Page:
The circus in the yard
There is at least one bunny – and possibly more – that lives in our front-yard garden. I say possibly more because they all look alike and I can’t tell if I am seeing the same one or one of its siblings.
My dogs are aware of this tiny intruder and have devoted their lives to catching a glimpse of it – maybe even catch it.
The dogs have never joined forces on anything before even though they are by nature pack animals. For some unknown reason they have come to an agreement – and even spend time strategizing – about how to rid the yard of the bunny.
Sky, the old dog, sits in a spot behind a short boxwood hedge where he thinks he is invisible to the bunny. His giant drooling head sticks out way above the hedge, but you can tell by the way he is motionless and barely breathing that he thinks no one can see him. His job is to barely move his head and shoot Stella a look when he spots the bunny.
Once he gives the look, Stella assumes a position much like an Olympic runner at the starting blocks. She freezes like this for many minutes until Sky decides it’s time and makes a clumsy lunge in the general direction of the bunny. Once he lunges, the bunny makes a mad dash out of the garden in the direction of Stella. She leaps into action and charges after the bunny, which runs under the rhododendrons to throw off Stella. This works, because in no time the bunny is back in the garden and Stella is still sniffing around the other side of the rhodies trying to pick up the lost scent. This buys the bunny enough time to finish his dinner in peace.
The bunny resumes sitting in the Swiss chard and happily chews entire leaves while my husband attempts his own ideas about how to get rid of a bunny that likes the produce selection in the garden. When he is not in the chard, the bunny is often under a giant sage plant in the herb garden where it’s fragrant and shady – who can blame it?
My husband reminds me of the exasperated Farmer McGregor in the tale of Peter Rabbit, written in 1893 by Beatrix Potter. That this book was written in 1893 and is still popular tells me that there is no hope for my husband, the farmer, or the dogs, his trusty accomplices, to rid the garden of the bunny. Peter or one of his sisters – Flopsy, Mopsy or Cottontail – is going to just keep on eating the chard.
Among the strategies to keep the rabbit out of the garden is a 2-foot wire fence around each raised bed that is secured in the corners with bamboo sticks. This seems to work while the plants are still seedlings and need to be cared for until they reach a height greater than that of a bunny.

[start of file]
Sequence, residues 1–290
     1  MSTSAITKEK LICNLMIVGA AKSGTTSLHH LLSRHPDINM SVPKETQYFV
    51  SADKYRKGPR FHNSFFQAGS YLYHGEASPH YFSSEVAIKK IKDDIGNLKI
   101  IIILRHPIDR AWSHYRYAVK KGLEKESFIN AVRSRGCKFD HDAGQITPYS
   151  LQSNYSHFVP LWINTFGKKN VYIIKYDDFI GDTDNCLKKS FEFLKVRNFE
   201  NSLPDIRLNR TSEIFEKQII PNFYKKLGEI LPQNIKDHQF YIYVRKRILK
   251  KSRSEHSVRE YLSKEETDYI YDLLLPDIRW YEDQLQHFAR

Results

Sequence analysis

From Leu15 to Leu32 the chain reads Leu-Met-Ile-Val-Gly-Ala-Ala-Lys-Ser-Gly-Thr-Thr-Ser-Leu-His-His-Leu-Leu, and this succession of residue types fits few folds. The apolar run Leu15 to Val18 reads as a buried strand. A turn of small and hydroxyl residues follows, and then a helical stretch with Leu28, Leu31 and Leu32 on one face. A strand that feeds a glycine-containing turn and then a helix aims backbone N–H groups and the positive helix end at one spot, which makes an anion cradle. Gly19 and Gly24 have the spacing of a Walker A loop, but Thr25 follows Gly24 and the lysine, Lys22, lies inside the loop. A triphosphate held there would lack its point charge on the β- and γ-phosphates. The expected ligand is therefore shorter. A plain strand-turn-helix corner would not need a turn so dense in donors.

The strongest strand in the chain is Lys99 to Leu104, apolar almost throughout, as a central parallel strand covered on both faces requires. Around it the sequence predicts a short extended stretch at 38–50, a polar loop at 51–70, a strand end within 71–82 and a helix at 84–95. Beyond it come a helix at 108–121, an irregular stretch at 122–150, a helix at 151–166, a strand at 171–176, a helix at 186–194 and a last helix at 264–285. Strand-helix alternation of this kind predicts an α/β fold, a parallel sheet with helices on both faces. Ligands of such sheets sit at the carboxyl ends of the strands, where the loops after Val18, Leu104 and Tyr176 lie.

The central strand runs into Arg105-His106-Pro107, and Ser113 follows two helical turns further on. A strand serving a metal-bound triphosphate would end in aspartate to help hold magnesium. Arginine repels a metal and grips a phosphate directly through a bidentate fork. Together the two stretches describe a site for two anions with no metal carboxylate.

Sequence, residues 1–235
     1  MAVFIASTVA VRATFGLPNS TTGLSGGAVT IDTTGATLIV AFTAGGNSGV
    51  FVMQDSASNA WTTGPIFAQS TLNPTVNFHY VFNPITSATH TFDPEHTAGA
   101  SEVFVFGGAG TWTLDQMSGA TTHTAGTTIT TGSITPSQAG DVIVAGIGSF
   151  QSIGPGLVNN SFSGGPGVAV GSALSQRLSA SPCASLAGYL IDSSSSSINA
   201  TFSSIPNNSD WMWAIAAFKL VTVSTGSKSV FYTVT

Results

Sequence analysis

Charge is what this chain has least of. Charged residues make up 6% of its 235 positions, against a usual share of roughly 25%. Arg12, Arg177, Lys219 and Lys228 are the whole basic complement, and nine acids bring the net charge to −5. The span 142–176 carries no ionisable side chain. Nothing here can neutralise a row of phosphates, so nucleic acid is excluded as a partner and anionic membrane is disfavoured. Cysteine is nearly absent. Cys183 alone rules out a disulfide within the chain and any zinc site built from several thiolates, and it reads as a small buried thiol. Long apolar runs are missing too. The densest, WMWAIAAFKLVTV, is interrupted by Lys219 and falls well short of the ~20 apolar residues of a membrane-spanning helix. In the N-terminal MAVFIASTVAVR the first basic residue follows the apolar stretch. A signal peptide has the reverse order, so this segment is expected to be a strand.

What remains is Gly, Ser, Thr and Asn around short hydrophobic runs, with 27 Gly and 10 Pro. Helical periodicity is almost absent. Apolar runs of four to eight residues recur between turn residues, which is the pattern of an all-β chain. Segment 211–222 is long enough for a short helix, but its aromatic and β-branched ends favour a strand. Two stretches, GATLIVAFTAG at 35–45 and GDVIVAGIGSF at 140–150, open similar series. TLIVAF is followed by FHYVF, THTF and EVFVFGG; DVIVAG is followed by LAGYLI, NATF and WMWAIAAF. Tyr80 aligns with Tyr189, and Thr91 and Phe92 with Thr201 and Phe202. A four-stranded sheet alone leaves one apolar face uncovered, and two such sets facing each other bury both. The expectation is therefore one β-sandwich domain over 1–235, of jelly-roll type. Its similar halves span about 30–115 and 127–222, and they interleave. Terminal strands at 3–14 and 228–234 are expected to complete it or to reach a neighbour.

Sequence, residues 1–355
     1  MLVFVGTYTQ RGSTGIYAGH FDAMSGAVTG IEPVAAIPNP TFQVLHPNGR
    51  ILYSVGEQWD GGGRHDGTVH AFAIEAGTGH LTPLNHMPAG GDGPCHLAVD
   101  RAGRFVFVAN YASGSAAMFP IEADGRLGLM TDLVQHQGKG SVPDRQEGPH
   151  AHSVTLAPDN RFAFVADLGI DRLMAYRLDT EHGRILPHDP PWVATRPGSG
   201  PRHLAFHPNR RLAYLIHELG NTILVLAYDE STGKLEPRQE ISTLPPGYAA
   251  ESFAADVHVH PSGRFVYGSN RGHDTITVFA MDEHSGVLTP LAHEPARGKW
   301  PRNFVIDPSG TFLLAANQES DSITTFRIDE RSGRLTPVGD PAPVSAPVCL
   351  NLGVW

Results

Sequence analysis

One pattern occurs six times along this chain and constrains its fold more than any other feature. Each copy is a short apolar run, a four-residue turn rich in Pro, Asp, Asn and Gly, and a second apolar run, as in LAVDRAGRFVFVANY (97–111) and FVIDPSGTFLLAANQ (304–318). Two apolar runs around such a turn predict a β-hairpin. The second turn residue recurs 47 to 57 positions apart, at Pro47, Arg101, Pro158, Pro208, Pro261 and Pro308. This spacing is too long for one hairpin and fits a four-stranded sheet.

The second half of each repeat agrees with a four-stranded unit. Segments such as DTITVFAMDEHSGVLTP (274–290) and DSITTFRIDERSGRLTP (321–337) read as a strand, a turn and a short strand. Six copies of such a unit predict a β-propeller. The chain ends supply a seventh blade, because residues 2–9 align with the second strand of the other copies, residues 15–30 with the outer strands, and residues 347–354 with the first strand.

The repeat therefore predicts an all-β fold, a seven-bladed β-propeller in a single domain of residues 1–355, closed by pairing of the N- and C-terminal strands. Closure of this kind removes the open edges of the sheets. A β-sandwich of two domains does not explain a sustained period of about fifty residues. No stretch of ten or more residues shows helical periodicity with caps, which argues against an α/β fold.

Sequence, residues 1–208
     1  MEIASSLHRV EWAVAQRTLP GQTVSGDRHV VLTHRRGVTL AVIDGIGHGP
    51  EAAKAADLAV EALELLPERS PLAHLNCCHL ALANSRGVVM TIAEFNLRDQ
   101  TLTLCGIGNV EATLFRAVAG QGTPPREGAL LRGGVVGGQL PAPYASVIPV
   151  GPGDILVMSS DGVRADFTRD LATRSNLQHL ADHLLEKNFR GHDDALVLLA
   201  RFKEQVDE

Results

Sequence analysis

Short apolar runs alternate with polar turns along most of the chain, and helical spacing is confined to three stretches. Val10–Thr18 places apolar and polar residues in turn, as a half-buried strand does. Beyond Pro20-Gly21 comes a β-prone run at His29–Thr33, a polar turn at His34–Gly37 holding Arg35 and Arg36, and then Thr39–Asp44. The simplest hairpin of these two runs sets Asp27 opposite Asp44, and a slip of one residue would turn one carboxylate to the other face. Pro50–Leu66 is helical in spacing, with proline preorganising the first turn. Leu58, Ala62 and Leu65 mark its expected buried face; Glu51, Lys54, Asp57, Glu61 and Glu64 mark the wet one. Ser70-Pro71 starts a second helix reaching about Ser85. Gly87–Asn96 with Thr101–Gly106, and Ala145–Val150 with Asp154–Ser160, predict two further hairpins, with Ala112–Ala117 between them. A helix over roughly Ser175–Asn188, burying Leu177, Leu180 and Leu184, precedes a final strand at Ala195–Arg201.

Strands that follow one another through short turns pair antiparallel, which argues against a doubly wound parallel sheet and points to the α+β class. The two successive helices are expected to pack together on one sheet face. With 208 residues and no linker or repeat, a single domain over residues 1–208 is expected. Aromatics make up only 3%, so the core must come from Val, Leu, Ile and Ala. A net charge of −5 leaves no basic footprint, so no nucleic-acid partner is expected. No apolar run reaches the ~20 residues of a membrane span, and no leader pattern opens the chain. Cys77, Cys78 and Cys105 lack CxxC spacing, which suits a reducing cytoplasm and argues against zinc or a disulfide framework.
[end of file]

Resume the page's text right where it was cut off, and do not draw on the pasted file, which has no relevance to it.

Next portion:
A product called Rabbit Scram is used faithfully. We sprinkle it around each raised bed and the fumes – like a strong Indian curry dish – keep the rabbits (and us) at bay until it rains and we have to re-apply it.
The hit-the-rabbit-in-the-rearend with- a- rolled- up- newspaper method was employed recently, but the rabbit’s reaction was to turn his head to look at my husband with a mouthful of lettuce as if to say, “Hey, pal. I’m eating here.”
The rabbit or rabbits have become more or less fearless. They plop out of the raised beds at our feet and just hop into the next one while we are standing there. We can see the rows of greens moving as they make their way from one end to the other – sampling a leaf here and there rather than destroying entire plants.
When the bunnies first showed up they were the size of a fist. We would point and say, “Oh, how cute.” Now that they have eaten much of the nutritious greenery, they are filling out and looking more like rabbits. They are not quite so cute anymore.
It has become easy to find my husband: He’s the one out front muttering under his breath, something about a pitchfork. I also always know exactly where the dogs are because they don’t want to miss one minute of the bunny hunting game.
My part in this whole game is to find a beverage, sit on the porch above the garden, and be entertained by this circus in the yard.